Well folks, we made it. The 2013 Major League Baseball regular season has come to an end, and now October baseball is upon us.
The playoffs begin on Tuesday with the National League Wild Card Game, as the Pittsburgh Pirates host the Cincinnati Reds. And, for the next month or so, baseball fans will be enjoying the drama that is the postseason.
The playoff puzzle is complete. We now know each of the 10 teams to make it into October. Some clubs' entry into the postseason comes as no surprise, while others had to fight to the very end to get in. Each team has reasons that all fans should root for and against them, no matter where actual allegiances lie. Here's a look...
The team of the '90s has won its first division title since 2005. After winning 14 consecutive NL East Division crowns from '91-'05, the Atlanta Braves dominated the division in 2013, besting the Washington Nationals by 10 games.
After being arguably robbed during their Wild Card Game last year, the Braves can take solace in the fact that they won't have their season decided by one game. This is a different regime than the club that won so often in the '90s and early '00s. With youngsters like Andrelton Simmons, Julio Teheran and Kris Medlen, this team has played well enough to be where they are—NL East Champs.
For some people, an eight-year gap between division titles is not long enough. And anyone who still has the taste of 14 straight division crowns in their memories may feel that having the Braves in the playoffs is nothing new and rather boring.
For the second straight year, the St. Louis Cardinals have proven that they don't need Albert Pujols and his $240 million contract to succeed. After winning the Fall Classic in 2011, the Redbirds are back in the postseason, finishing on top of the NL Central and earning the best record in the National League.
As mentioned above, the Cardinals won the World Series in 2011 (their second championship in five years) and took the Giants to Game 7 of the NLCS last year before being eliminated. As such, it could be argued that the Cardinals have had their time in the spotlight, and now it's time to give a team like the Pirates a chance to be in the Fall Classic.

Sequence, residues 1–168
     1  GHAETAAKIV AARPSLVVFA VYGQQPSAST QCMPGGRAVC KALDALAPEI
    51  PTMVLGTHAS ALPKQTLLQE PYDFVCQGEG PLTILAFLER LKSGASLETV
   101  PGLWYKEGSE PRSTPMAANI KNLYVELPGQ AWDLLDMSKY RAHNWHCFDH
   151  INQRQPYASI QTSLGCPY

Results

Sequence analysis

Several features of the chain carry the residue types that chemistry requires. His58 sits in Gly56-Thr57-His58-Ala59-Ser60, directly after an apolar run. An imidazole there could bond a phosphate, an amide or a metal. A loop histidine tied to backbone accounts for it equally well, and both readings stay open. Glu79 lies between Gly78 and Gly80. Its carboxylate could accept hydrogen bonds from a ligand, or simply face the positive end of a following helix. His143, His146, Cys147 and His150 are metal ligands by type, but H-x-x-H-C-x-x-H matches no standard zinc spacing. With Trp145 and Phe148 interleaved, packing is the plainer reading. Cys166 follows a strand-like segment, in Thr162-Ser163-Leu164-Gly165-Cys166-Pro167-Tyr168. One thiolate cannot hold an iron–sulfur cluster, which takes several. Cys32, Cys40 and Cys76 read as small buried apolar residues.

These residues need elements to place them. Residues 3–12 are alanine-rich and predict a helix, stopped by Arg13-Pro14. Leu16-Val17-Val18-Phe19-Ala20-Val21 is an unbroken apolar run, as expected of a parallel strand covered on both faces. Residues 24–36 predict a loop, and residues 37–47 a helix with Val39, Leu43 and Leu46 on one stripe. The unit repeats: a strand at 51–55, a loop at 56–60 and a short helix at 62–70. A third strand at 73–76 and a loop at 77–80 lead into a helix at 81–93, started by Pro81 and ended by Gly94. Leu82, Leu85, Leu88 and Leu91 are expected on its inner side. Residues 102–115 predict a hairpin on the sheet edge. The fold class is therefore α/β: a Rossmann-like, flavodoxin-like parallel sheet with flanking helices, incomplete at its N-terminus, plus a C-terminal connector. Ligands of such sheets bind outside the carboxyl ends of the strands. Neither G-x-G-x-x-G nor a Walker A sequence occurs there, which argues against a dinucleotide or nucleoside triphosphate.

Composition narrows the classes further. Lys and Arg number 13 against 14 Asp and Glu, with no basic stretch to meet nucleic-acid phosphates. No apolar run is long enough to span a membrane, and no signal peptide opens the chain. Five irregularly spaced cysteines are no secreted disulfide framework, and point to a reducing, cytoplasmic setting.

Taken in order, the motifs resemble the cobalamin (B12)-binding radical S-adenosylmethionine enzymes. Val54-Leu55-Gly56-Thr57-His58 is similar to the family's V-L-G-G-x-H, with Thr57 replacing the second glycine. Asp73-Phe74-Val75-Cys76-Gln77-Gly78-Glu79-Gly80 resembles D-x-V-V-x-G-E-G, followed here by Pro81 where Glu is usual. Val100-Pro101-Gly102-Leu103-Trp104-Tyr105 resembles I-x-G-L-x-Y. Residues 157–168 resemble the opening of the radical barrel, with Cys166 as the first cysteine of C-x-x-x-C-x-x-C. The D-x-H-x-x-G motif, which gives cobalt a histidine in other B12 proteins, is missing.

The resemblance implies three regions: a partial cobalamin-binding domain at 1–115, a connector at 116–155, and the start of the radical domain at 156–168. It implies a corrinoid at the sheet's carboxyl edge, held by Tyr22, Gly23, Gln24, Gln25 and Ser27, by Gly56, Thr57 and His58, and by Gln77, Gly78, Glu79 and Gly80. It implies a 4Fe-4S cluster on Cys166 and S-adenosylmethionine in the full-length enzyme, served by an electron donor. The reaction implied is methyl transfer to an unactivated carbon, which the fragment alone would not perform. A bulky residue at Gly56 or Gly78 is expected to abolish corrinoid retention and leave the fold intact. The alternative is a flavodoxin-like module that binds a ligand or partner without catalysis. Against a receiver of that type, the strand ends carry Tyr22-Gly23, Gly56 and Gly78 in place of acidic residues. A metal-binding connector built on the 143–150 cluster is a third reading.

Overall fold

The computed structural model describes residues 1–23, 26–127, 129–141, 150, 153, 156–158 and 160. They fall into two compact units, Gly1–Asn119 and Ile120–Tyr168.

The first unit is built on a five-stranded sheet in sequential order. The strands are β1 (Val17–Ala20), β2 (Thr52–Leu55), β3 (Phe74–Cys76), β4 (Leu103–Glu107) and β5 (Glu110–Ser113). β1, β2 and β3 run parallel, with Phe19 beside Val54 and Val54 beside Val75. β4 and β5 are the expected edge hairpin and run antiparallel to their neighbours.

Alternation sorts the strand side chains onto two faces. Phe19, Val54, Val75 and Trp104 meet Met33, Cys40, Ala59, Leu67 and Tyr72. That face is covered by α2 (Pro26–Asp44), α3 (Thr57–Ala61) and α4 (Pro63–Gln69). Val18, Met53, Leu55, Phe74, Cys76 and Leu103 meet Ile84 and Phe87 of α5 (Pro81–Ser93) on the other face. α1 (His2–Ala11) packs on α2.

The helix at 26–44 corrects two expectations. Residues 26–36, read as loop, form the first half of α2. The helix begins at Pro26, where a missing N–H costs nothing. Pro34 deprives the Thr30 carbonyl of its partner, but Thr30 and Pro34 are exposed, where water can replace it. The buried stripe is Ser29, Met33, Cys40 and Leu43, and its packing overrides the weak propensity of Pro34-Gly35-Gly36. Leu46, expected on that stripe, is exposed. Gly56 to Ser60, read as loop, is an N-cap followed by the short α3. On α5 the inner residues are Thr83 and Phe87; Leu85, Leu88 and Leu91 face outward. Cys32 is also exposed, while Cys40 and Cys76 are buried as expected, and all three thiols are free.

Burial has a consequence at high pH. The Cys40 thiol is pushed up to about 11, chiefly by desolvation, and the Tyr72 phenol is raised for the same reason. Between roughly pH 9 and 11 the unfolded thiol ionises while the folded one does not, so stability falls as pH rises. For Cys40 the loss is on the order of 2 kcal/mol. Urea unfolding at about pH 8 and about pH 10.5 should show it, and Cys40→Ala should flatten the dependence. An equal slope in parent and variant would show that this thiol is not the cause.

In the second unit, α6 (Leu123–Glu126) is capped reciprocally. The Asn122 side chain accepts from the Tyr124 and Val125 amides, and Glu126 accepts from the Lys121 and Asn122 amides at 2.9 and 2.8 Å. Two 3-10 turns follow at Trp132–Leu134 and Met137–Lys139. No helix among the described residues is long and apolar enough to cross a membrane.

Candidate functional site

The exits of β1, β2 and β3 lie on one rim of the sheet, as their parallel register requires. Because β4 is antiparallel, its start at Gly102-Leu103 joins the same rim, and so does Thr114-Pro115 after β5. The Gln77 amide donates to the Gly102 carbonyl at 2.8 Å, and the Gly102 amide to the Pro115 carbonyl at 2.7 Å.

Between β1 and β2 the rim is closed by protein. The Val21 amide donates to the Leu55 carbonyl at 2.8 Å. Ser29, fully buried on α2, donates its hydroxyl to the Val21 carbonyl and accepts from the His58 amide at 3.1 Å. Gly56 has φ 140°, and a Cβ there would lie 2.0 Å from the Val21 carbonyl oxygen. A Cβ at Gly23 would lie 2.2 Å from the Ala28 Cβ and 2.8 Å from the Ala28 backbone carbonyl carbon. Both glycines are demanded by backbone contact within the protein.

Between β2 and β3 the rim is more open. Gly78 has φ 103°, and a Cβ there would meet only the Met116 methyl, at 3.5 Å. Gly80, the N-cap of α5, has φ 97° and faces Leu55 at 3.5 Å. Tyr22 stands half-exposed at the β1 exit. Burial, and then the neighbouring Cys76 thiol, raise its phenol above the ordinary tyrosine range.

On June 22, Don Mattingly's Dodgers were 9.5 games out of first place in the NL West. In fact, the Dodgers had just a .500 record through the season's first half. And with a 2013 payroll of around $240 million, the boys in blue were falling way short of expectations. There were even talks of a possible managerial change.
Then, coincidentally or not, after the Dodgers promoted Cuban import and phenom Yasiel Puig on June 3, the club went on a hot streak. At the time of Puig's promotion, the Dodgers were in fifth place in the division. Within a month's time, the team made it to second place in the division. And by the end of July, they were top of the division—a position they have held ever since.
After a rough start, the sleeping dragon awoke, and the rest of the West paid the price.
For quite some time, the New York Yankees were frequently looked at as the "evil empire" of Major League Baseball. They won pennant after pennant, often with a very lofty payroll.
Well, the Yankees did not make the playoffs this year. But the Dodgers did, and their payroll is the highest in baseball. And of course, it remains to be seen just how far the team goes. Should the team win it all, some could make the argument that they "bought" their way through the playoffs. Some could find it hard to pull for a team with a payroll that outranks several teams combined.
The last time the Pittsburgh Pirates played a postseason game, Sid Bream narrowly slid in safely, scoring on Fernando Cabrera's unlikely game-winning hit in the bottom of the ninth, as the Atlanta Braves advanced to the World Series. That was Game 7 of the 1992 NLCS. That was also the last time the Pirates finished a season with a winning record.